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All about the science

Club for elementary students offers unique learning opportunity at Kendall Young Library

October 3, 2012
Jim Krajewski ( , The Daily Freeman Journal

After 15 minutes of experimentation and broken cups, 14 members of the Kendall Young Library science club created something that children's librarian and assistant director Linda Brown said they could take home to drive their parents crazy. That was met by cheering from the kids.

On Tuesday, Brown instructed the club members, which range from second to fifth grade, to attach a string and paper clip to a paper or plastic cup and then slide a wet cloth down the length of the string. This created a sound that the kids compared to a chicken or turkey. Brown said this kind of hands-on learning is beneficial to club members.

"It's worked out really good because I think adding science makes learning fun," Brown said. "Mixing things and trying different things out, especially the messiest, gooiest things to do is what kids love."

Article Photos

Librarian Linda Brown demonstrates how vibrations create sound from a string, a paper clip, a small drinking cup and a wet cloth on Tuesday at the Kendall Young Library. Brown also read to students, played games, watched a video and let students take a book home with them to read.

Club members will be treated to an especially gooey afternoon next week when Brown will be instructing them on how to create green slime from simple ingredients. Glue, food coloring and borax powder will coagulate almost instantly into a green ooze when mixed, according to Brown.

However, getting the chance to get your hands into a slimy substance is not the entire experience. Brown said she first asks club members if they know why these projects do what they do.

After soliciting a correct answer from one of the club members, she opens up the floor and lets other members expound on the subject. Members correctly inferred that the avian sound projected from the cup is made from vibrations along the string as the cloth passes over it being amplified by the attached cup, and that the plastic cup creates more noise because of its material.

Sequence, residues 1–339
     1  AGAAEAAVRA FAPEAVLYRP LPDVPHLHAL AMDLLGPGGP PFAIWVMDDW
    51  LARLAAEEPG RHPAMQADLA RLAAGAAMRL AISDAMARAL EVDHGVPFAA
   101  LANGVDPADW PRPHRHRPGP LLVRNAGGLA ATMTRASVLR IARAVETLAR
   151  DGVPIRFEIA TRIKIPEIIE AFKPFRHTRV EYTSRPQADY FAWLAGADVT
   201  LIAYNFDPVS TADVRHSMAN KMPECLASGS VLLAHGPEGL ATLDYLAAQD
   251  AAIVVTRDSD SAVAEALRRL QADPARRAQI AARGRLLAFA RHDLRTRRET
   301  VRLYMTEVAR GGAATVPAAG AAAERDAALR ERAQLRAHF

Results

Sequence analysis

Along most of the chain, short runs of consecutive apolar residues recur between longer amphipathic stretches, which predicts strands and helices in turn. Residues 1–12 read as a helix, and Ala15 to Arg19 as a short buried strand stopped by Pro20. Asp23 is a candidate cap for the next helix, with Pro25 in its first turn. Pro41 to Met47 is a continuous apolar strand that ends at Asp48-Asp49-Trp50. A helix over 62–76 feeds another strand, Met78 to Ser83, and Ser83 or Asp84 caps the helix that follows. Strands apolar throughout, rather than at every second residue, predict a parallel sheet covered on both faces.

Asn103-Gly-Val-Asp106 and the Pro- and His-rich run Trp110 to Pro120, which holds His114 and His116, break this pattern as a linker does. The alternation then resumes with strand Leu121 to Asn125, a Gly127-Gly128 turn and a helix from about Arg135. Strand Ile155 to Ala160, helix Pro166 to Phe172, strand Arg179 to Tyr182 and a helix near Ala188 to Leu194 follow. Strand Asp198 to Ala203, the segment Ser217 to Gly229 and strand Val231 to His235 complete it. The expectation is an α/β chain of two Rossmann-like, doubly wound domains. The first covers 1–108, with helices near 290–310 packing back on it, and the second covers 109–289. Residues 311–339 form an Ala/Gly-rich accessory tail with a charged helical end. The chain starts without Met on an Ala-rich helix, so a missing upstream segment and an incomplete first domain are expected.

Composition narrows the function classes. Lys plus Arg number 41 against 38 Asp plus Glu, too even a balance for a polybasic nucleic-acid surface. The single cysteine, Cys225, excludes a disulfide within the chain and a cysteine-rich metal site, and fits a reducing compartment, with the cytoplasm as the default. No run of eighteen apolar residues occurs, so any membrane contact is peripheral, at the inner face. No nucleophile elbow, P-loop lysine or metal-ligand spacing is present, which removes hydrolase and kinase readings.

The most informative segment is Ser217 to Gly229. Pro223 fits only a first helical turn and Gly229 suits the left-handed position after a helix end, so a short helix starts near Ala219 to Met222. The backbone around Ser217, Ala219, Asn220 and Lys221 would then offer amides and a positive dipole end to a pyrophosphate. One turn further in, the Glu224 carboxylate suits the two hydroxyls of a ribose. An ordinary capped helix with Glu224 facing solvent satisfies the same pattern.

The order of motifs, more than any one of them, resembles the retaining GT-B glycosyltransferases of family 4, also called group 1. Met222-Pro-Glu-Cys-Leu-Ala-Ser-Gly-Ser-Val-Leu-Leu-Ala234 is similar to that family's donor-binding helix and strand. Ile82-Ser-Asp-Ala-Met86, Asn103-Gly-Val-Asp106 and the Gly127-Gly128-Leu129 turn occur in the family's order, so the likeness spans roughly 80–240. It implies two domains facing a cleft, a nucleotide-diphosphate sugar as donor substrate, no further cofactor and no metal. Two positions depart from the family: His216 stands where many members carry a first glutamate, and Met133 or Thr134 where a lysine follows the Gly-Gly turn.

"If they just learn to mix and try new things, like we did today with the plastic and paper cups, just trying to figure those things out makes their little brain work harder, and it opens them up to more things," Brown said.

The idea for the science club, which is now in its third year, came from a workshop that Brown attended. She said another librarian found that kids were very interested in books that included science topics.

Brown reads an excerpt from a book to the club to start off their meetings. Among the books chosen was the "Time Warp Trio" series by Jon Scieszka. Members are also encouraged to take a book home with them after the meeting. Brown said she tries to pick books that kids might not notice to expose them to more things.

The club also hosted some games and a short cartoon. The science club will meet next on Oct. 9 from 4 p.m. to 5 p.m., and will then go on a two week break before starting back up on Oct. 30. No sign up is required to be a part of the science club.



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